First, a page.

The Canaanite woman said, “Yes, Lord, yet even the dogs eat the crumbs that fall from their masters’ table.”
The 1637 Book of Common Prayer of the Episcopal Church of Scotland. Archbishop Cranmer’s English Book of 90 years earlier is world-famous for its eloquence, but what made it revolutionary was that it substituted English for Latin, enabling the prayer of the laity. Since then, every national Anglican Church, language and ethnic group has produced its own version based on the original, but with local differences. More than any Archbishop, it’s the Prayer Book that unites us as a worldwide Communion.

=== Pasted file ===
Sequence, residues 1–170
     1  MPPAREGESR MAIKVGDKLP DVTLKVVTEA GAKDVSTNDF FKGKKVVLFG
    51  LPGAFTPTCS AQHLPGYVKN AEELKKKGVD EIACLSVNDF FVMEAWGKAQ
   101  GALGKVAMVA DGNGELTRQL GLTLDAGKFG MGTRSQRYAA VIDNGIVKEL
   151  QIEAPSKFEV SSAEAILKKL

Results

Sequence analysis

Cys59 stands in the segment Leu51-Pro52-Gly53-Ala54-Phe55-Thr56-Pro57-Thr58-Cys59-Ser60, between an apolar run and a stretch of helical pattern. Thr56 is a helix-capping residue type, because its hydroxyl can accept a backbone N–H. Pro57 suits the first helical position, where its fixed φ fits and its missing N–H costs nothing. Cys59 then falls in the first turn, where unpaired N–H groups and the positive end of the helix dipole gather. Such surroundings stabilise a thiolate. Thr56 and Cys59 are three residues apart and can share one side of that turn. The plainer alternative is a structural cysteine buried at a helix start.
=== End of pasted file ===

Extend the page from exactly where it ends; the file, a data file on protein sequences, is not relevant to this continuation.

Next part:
Let my prayer be set forth in your sight as incense, the lifting up of my hands as the evening sacrifice. Psalm 141:2
INVITATORY AND PSALTER
O God, make speed to save us.
O Lord, make haste to help us.
Glory to the Father, and to the Son, and to…
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